Table 1 – Nikkudot
The Hebrew text of the Bible was originally written with only the twenty two letters of the Hebrew alphabet. About one thousand years ago a group called the Masoretes created a system of dots and dashes called "nikkud" and placed them above and below the consonants to represent the vowels. It was discovered in the Dead Sea Scrolls that the four Hebrew letters, the al, hey, waw and yud, were used as vowels. The Masoretes removed these vowels (usually the waw and yud) and replaced them with the nikkud. In Table 11 are some examples of Hebrew spellings of some Hebrew words in the Masoretic text and the Dead Sea Scrolls.
Table 2 – Vowels in the Masoretic text and the Dead Sea Scrolls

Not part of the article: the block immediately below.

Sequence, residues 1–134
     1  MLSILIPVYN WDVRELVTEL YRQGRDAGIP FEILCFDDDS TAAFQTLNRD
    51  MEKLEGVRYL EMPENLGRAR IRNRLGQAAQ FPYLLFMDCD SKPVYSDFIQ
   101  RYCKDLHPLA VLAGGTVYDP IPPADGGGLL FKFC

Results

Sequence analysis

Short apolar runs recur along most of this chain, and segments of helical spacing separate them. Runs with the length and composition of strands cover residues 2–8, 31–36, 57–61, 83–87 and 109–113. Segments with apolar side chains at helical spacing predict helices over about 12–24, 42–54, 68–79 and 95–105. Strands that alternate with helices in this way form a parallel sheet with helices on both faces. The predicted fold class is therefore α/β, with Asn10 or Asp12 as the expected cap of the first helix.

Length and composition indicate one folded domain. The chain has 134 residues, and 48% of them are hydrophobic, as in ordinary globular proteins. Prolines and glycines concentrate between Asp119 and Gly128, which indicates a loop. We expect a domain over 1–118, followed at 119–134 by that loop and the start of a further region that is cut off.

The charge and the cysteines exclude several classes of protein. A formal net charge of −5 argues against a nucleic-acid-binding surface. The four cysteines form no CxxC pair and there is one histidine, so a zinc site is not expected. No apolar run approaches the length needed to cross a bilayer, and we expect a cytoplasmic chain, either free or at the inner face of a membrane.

A verb describes an action, such as the word "cut" in the sentence, "Jacob cut a tree." The one performing the action is called the subject. In this sentence, Jacob is the subject of the verb, the one doing the cutting. The one receiving the action of the verb is called the object. In this sentence, the tree is the object of the verb, the one being cut.
Each Hebrew verb can be written with different moods and voices. For example, the active voice of the verb ראה (ra’ah) means to "see," but, the passive voice, identified by the prefix "be~," means "be seen" but is translated as "appeared" in the RMT. As another example, the simple mood of the verb בוא (bo)means to "come" but, the causative mood, identified by the prefix "make~", means "make come" but, is translated as "bring" in the RMT.